Love’s Labours Lost

So my wife says, “You gotta see Love’s Labour’s Lost streaming on Netflix.”  I say okay, so Pete and I sit down to watch it with her.

It was… a trip.  I remember when it came out and it got panned. So I didn’t bother at the time. Now that I’ve seen it, I just don’t understand critics some days.

Kenneth Branagh decided to take a light and fluffy comedy from Shakespeare and make it… a light and fluffy musical comedy.  So in between Will’s text:

you get people busting out in Gershwin, Berlin, and Porter tunes and big boffo dance numbers straight out of the heyday of the MGM musical era.

(By the way, can that Adrian Lester dance or what? Also, gotta love the “Hmmm. What do we do with this ‘It kills sheep’? thingie” solution to this textual oddity.)

I dunno. Maybe some people are offended by messing with the purity of The Sacred Text.

Me: I don’t think Shakespeare is Holy Writ and people have been editing and redacting and playing around with him for five centuries, turning Macbeth in a western and setting Midsummer Night’s Dream at a 50s sock hop and making Romeo and Juliet into West Side Story and transmogrifying The Tempest into Forbidden Planet when they aren’t turning Prospero into Prospera. Heck, Da Man even stole from himself and used lines from previous plays in later ones (both Merchant of Venice and Hamlet use the line “Whereto serves mercy but to confront the visage of offence?”). So I was completely charmed by the big splashy numbers, the goofy gee-whiz choreography that made up for lack of polish with “Hey! Let’s do a Show!” heart. They even managed to get in an Esther Williams Bathing Beauties number. With the exception of one pretty steamy dance number you might want to think twice about before letting the kids watch, the show is a treat.

But then, like Cookie Monster, me not know art, but me know what me like. I thoroughly enjoyed LLL. Check it out.

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  • bear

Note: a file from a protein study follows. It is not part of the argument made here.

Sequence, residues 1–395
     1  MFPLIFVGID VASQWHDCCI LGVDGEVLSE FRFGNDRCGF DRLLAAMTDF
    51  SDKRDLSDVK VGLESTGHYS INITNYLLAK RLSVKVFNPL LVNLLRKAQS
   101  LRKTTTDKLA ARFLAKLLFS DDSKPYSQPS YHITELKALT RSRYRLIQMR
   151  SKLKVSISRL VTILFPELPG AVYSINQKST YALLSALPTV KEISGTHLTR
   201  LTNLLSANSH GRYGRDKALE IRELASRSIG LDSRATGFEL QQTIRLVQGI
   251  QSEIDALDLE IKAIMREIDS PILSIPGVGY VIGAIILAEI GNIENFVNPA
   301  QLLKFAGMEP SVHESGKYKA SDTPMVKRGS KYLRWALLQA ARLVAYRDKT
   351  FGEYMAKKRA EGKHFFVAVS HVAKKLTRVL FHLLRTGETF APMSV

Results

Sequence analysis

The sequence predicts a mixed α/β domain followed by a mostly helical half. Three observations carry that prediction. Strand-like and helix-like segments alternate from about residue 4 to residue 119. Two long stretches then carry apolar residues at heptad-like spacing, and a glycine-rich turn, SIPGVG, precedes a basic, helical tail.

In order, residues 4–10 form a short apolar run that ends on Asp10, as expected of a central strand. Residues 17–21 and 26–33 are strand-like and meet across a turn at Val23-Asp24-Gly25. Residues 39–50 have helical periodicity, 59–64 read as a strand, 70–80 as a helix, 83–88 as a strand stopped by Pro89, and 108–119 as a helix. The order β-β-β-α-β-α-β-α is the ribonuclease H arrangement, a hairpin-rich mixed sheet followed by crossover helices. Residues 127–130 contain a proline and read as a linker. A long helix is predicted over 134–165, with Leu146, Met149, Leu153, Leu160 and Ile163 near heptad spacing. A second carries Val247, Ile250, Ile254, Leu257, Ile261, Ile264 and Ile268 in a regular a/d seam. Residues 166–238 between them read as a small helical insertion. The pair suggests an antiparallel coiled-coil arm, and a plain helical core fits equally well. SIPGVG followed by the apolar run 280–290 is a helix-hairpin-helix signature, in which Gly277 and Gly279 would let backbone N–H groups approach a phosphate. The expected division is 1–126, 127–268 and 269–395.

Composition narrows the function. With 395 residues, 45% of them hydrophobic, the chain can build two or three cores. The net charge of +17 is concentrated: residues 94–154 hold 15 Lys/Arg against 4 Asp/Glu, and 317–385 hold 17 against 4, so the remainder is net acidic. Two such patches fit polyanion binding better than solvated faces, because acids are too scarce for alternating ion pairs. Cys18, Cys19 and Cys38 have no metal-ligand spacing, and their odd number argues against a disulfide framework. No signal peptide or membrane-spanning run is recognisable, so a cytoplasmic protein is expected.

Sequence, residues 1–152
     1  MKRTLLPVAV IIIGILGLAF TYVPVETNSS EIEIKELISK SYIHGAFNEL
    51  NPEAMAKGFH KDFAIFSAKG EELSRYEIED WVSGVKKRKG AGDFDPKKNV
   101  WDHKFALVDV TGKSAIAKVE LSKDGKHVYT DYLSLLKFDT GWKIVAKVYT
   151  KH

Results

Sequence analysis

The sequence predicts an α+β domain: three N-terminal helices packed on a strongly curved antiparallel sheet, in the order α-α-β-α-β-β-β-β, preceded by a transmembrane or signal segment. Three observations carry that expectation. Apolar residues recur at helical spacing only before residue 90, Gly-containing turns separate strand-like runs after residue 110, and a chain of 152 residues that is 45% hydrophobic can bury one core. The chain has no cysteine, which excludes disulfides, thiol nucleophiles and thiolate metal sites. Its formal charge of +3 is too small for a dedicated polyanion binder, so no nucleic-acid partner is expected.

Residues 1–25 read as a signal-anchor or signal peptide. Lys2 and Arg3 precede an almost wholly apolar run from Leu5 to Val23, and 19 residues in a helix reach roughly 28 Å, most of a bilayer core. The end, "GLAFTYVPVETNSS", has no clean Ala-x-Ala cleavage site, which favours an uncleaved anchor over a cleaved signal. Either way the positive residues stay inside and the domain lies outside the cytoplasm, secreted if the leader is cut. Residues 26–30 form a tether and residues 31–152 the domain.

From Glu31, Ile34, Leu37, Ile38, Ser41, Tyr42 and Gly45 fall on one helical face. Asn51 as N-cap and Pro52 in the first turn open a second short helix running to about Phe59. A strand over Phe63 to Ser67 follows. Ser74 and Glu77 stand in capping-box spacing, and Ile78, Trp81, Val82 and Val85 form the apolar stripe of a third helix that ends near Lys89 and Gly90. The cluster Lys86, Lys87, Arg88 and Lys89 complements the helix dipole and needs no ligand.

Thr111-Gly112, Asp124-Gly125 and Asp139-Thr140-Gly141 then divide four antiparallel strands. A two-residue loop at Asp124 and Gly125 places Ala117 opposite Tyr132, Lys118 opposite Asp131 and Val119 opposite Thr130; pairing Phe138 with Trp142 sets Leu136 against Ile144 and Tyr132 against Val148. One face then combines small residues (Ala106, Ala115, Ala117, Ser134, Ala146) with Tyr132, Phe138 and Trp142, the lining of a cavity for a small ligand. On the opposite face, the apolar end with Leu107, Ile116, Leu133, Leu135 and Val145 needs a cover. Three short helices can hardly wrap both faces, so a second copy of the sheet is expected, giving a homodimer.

There was a time I taught Shakespeare at University. One of my faourite tricks to pull on the class was to announce that we would be watching a movie adaptation of King Lear, and put on Kurasawa’s Ran. I loved watching the students look at each other with puzzled looks on their faces as they tried to remember whether or not Lear actually had samurai in it.
    That said, I don’t much care for most modern adaptations of the Bard, but it isn’t the setting that gets me, it’s the politics that so many directors impose upon the text as they use Shakespeare’s words to spread their message.

    • Michael J. Lichens

      Ran is a masterpiece of cinematic brilliance. The cinematography alone should be held up as the epitome of film.

      That said, I agree with you that most modern adaptations of the Bard are rather annoying in their use of modern politics.

  • Rebecca Fuentes

    L. Jagi Lamplighter wrote the best Shakespearean-inspired book I’ve read. I love her Prospero Series. Shakespeare touches on so many of the classical conflicts and basic human motives, which is why he has inspired so many derivations and retellings.

  • Yeargh

    I have to say that I witnessed something called “MacBeth: the Musical” set in the 1960’s around the JFK assassination. The three witches were in see through plastic miniskirts. I think the actors could hear my friend and me laughing because it was so utterly horrible.

  • LSUStatman

    Joe Gillis: “Last one I wrote was about Okies in the Dust Bowl. You’d never know because when it reached the screen, the whole thing played on a torpedo boat.”

    (William Holden; “Sunset Blvd”)

  • Sigroli

    People “have been editing and redacting and playing around with him for five centuries”? Try four.

  • Archaeopteryx

    Kenneth Branagh is a treasure. The man has an obvious love and enthusiasm for Shakespeare’s work, and that passion comes through in all of his treatments of the material along with talent enough to make it work.

    His version of ‘Much Ado About Nothing’ is still one of my favorite performances.